Would Secession by California and Oregon Be Legal?

by Julian Ku

imgresFollowing Donald Trump’s stunning election victory, ballot measures are already being proposed in California and Oregon to secede from the United States.  Ordinarily, one can just chuckle at these measures as the actions of a radical fringe, but it would be hard to overestimate the depth of anger and opposition to a President Trump in states like California, where he lost by probably 20 percentage points.  If such a measure got on the ballot, we might see a serious campaign akin to Scotland’s 2014 referendum on staying in the United Kingdom.

But it seems settled under US constitutional law that unilateral secession from the United States is unconstitutional.  In the 1869 case Texas v. White, the U.S. Supreme Court ruled:

When Texas became one of the United States, she entered into an indissoluble relation. The union between Texas and the other States was as complete, as perpetual, and as indissoluble as the union between the original States. There was no place for reconsideration or revocation, except through revolution or through consent of the States.

Some might argue, however, that a unilateral secession by California is authorized by the international law right of self-determination.  This is a much more difficult point to analyze, but I think that neither California nor Oregon would qualify to exercise this murky international law right, at least with respect to seceding.  The Canada Supreme Court’s decision in the Quebec case is probably most on point here.

A state whose government represents the whole of the people or peoples resident within its territory, on a basis of equality and without discrimination, and respects the principles of self-determination in its own internal arrangements, is entitled to the protection under international law of its territorial integrity.

In other words, international law guarantees to every state its “territorial integrity” and it can’t be overridden by “self determination” unless serious freedoms or discrimination against residents in the seceding region are being infringed.  Moreover, this right has generally only been exercised by states under colonization or foreign occupation.  The right might also exist if the state is facing the threat of egregious human rights violations (e.g. Kosovo), but the right in even that circumstance is controversial globally.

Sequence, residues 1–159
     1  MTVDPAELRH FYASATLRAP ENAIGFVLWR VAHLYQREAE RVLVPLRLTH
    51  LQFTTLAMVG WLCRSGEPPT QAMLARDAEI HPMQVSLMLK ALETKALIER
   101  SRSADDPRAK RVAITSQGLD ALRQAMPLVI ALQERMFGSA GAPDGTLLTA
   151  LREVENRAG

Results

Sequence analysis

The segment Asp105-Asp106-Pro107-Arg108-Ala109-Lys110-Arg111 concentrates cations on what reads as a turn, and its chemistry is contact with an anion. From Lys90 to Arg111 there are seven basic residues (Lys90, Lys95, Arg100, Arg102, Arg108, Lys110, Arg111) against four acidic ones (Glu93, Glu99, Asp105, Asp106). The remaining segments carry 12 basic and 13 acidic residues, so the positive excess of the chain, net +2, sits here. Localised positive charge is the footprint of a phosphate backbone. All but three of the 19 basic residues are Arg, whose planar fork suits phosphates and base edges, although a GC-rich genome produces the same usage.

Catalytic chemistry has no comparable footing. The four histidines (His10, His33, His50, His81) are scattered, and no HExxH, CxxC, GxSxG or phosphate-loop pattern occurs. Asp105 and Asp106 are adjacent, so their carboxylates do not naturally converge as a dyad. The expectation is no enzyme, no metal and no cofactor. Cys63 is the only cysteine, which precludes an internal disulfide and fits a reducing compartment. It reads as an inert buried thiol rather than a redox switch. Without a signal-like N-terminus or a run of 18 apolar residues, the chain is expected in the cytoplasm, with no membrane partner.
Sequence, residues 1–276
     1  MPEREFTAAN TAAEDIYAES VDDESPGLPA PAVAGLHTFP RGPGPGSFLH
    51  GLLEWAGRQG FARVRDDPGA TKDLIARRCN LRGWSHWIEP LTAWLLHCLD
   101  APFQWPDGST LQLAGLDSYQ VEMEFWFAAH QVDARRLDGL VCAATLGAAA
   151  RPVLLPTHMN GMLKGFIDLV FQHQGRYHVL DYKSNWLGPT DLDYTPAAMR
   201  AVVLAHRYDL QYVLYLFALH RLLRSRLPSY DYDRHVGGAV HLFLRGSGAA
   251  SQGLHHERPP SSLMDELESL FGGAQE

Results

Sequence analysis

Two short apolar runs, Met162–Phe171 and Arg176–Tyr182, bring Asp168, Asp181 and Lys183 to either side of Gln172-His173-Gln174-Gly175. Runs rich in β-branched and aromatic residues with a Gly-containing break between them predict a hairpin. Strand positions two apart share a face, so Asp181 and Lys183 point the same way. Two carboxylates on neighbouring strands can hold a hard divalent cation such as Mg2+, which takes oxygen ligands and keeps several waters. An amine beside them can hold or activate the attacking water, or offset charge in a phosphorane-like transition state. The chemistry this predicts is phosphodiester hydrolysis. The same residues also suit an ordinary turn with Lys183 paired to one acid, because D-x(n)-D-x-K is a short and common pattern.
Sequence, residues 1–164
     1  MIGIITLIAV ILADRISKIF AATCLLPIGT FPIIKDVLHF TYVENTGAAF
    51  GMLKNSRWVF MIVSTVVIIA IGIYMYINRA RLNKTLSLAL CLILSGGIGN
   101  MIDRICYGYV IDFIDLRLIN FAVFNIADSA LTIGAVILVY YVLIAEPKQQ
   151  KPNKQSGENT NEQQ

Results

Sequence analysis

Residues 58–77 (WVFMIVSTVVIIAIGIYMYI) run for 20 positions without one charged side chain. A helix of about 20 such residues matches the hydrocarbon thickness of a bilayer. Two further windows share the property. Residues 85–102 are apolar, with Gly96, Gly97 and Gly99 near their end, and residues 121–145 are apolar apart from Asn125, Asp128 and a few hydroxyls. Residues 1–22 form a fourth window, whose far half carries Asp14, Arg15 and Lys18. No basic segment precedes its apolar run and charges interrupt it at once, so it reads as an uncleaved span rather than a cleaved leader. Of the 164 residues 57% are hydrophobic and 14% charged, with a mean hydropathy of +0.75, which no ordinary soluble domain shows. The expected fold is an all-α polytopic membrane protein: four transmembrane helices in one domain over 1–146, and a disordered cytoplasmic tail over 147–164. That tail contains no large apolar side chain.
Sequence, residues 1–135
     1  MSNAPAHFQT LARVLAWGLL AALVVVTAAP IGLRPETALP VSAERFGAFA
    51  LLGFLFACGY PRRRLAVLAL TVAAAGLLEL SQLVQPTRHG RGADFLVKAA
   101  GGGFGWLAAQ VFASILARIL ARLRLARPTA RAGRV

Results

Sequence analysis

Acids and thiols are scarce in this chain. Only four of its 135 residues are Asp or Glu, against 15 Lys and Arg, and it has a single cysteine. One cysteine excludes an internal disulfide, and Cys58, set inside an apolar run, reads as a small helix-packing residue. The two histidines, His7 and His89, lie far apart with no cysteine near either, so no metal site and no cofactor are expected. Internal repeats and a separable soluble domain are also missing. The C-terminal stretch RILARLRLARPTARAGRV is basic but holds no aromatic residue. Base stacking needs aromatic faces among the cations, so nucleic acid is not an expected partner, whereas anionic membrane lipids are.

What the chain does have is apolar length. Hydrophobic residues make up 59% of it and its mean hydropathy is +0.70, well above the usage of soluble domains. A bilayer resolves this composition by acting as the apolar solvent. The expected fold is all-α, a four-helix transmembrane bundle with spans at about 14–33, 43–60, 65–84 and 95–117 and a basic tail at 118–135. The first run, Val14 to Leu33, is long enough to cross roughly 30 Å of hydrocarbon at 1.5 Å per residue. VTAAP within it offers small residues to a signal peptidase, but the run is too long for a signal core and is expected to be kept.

But I will admit I am not an expert on the international law of self-determination. If anyone has a good argument for why California or Oregon qualifies to exercise this right under international law, please feel free to share in the comments.

So I am going to go out on a limb here to say that a referendum to secede California or Oregon from the United States is both unconstitutional and unauthorized by international law.  Still, just getting such a measure on the ballot would be significant because they would force the U.S. government to take a position on the legality of such measures. This could affect US government positions on foreign self-determination movements in places like Hong Kong, for instance.

We live in interesting (and dangerous) times.

http://opiniojuris.org/2016/11/11/would-secession-by-california-and-oregon-be-legal/

5 Responses

  1. If the electoral college systematically favors small, rural, less populous states, would that defeat the “basis of equality and without discrimination” clause?

  2. Response…Would the same argument – territorial integrity – apply if Scotland or Cornwall sought to hold an independence referendum without the prior authorisation of the UK Parliament?

  3. What if the Federal Government/the Congress approves measures/a federal law affecting the rights of a minority? Could it trigger an action based on self-determination and patent violation of human rights? This could maybe represent a Kosovo-like scenario…

  4. Response… All great questions! I think a Scottish Referendum without the approval of the UK govt would be legally questionable, but that is mostly a question of UK constitutional law (which I obviously don’t know much about). I think under intl law, it is not the referendum, but the secession itself that is the problem, and yes I think Scotland is in the Quebec position (and California has even less of a case).

    I don’t think the electoral college or even federal pro-discrimination laws would be enough to justify self-determ under international law. This right is supposed to be largely about ethnic groups colonized by foreign governments. Not for states that have representation in the national government.

  5. Even more compelling, let’s take an average Californian citizen who, for example:

    – wishes to assert her rights to a free press (but is to be faced by “enhanced” libel laws);

    – to free and non-discriminatory exercise of religion (faced, perhaps, by a “Muslim ban” and faith-based programmes);

    – to a healthy environment (post-denunciation of the Paris agreement);

    – to reasonably accessible health care, including abortion and contraception (post-Obamacare repeal and “there should be a punishment”);

    – to workplaces without sexual harassment;

    – to free and fair elections (in the aftermath of Shelby); and

    – to an independent judiciary (post the list of “reliable” judges appointed to give predetermined views)?

    It’s not hard to compile a list of commitments from the incoming administration that conflict with these and with a range of other rights protections. Not to mention that not only is she not able to exercise these rights, but has to overpay taxes to subsidise a federal government and net recipient states that actively deny them?

    Are we (is she) there yet?

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